MULTICULTURAL CONTENT IS CRUCIAL TO ACADEMIC PERSISTENCE
Learning communities support first-generation students
The positive effects of a college diploma are many—from increased income, professional mobility, and improved quality of life, to good health. Yet for students whose parents’ highest level of education is high school or less, finishing college is a challenge. According to the U.S. Department of Education’s First-Generation Students in Postsecondary Education study, only 24 percent of first-generation college students attain an undergraduate degree, compared to 68 percent of students with at least one parent who attended college.
Research has shown that regardless of their parents’ background, students who participate in a learning community—a small cohort of students that takes a set of integrated courses—are more engaged in their learning and have higher retention rates. Learning communities with a multicultural makeup and curriculum have been particularly successful in this regard. But the specific reasons that first-generation students persist at a postsecondary institution have been less known.
To uncover such motivators, Rashné Jehangir, assistant professor in the Department of Postsecondary Teaching and Learning, has analyzed weekly reflective writing assignments from a multicultural learning community comprising students from the Trio Support Services Program. Trio, a federally funded program housed in the College of Education and Human Development, offers academic development services for low- to moderate-income first-generation college students and to students with disabilities. Jehangir has also conducted a companion, longitudinal interview study, which she began with the fall 2001 cohort, tracking the impact of the learning community as participants progress through college.
How the learning community works
Jehangir and her postsecondary teaching and learning colleagues Pat James and Patrick Bruch created an interdisciplinary curriculum that addresses the challenges faced by first-generation students. Instructors emphasized examining texts, art, and narrative in the context of the students’ lived experiences. The students wrote reflective passages focusing on three areas: identity, community, and agency, that reveal their learning processes and their experiences in higher education. Jehangir then analyzed the entries to identify recurring themes and compared her findings with a second researcher.
What the research shows
The students’ writing revealed that the learning community provided both an anchor and a sense of accountability they did not experience in isolated courses. Jehangir identified five themes that explain how the learning community experience helped students identify within the college experience:
Finding place: A sense of ownership and belonging about the academic experience and, frequently, about the institution as a whole.
Finding voice: An awareness of their social and academic identities and the feeling that what they had to offer—writing, art, or discussion—has merit and adds value to the academic enterprise.
Transformational learning: A feeling that change is possible and they are agents of change in the world.
Bridge building: A sense of connectedness between their home community and their school life, and between themselves, peers, and instructors
Conflict as catalyst: A safe environment that helps students engage in meaningful dialogue with people who are different from them. Students were asked to think across disciplines and from different perspectives and to negotiate differences with their peers and instructors.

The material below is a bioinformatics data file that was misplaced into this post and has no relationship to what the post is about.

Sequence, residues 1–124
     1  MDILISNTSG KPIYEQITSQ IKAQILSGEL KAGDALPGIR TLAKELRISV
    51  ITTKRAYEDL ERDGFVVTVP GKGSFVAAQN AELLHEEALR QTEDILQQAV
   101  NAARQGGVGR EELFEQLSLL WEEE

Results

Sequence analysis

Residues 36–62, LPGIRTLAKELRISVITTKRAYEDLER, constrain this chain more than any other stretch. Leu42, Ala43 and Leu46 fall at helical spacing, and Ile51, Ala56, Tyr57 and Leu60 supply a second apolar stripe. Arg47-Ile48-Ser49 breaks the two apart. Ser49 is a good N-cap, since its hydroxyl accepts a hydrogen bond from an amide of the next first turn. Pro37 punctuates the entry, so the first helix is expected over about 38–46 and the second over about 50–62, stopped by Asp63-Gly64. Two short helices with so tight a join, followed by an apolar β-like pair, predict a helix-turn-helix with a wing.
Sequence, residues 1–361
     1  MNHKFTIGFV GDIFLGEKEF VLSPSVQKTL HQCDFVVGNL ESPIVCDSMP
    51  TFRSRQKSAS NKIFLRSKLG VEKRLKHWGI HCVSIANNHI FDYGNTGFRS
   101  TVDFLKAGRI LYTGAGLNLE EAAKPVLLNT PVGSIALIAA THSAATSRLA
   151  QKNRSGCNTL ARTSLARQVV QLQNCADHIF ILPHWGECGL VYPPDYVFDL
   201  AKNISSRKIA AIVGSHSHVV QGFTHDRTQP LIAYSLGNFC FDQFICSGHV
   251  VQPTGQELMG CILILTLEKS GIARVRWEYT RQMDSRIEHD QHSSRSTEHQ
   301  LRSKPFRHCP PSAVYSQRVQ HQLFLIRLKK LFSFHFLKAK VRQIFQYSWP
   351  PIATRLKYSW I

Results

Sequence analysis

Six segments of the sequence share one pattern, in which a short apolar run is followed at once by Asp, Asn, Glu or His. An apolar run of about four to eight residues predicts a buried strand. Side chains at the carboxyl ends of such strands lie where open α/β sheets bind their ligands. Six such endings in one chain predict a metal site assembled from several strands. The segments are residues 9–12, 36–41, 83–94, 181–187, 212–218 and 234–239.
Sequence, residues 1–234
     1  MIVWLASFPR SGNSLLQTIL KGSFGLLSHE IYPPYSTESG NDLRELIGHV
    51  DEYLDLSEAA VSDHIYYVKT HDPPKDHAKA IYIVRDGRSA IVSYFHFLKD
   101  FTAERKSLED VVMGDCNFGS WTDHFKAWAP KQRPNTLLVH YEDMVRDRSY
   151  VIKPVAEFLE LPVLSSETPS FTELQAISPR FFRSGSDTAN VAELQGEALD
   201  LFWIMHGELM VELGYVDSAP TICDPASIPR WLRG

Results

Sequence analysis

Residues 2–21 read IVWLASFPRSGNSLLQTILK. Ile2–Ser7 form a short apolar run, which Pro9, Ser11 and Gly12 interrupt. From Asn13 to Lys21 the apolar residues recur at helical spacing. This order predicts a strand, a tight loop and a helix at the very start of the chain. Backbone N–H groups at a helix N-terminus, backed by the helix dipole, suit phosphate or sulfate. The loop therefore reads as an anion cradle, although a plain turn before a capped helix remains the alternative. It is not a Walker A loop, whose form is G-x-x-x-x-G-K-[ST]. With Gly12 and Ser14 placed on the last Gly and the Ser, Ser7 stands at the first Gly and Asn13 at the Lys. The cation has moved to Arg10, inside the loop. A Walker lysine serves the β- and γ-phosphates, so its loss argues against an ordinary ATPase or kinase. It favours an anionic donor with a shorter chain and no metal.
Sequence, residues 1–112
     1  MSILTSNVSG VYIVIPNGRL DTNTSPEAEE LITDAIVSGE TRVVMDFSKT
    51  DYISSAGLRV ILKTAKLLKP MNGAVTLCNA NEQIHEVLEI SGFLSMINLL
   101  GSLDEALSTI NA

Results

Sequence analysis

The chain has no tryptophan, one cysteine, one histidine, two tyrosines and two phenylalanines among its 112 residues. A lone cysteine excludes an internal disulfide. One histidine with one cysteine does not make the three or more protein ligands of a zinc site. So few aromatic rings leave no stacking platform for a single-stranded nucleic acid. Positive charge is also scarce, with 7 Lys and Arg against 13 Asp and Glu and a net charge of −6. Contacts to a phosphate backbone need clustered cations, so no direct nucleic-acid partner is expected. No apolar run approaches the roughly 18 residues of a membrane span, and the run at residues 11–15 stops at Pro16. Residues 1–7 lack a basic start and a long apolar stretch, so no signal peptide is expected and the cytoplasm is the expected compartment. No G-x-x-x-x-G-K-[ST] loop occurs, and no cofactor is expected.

“While it isn’t easy or even pleasant, conflict appears to have a central role of moving students closer to understanding themselves, others, and issues of social change, which can give them a stronger sense of academic identity,” Jehangir explains.
She has found their participation in the multicultural learning community supports ongoing academic success. Of the learning community students, an average of 84 percent were retained after the first year—a critical measurement, because many low-income, first-generation students drop out at that time.
What others say about this research
“The design of this study, let alone the findings, adds an exciting dimension to the research on learning communities because of the intentional integration of elements of critical pedagogy,” says Emily Lardner, co-director, Washington Center for Improving Excellence in Undergraduate Education at the Evergreen State College, Olympia, Washington.
“As demographics of higher education change, we need to look for better ways to include new students in academia,” says Jennifer Engle, research analyst at the Pell Institute for the Study of Opportunity in Higher Education in Washington, D.C. “The multicultural learning community model that Dr. Jehangir explores provides a proven avenue for these students to find their way and their place in the University.”
Barbara Read, vice president for student affairs at Inver Hills Community College in Minnesota, says the findings can be particularly valuable for community colleges, which serve many first-generation students. “Dr. Jehangir offers new considerations that colleges can use to create learning environments that address the specific needs of their students while maximizing scarce resources.”
Why this research matters
This research provides a working model of how to meet the needs of first-generation college students, both cognitively and affectively. “When marginalized students are empowered to give voice to their ideas without filtering out their life experiences, they move out of the periphery, take ownership of their place, and see that their voices belong in the academy,” concludes Jehangir.
She is continuing to interview past learning community cohorts and will collect a final writing submission from participants in last year’s Multicultural Voice Learning Community this fall.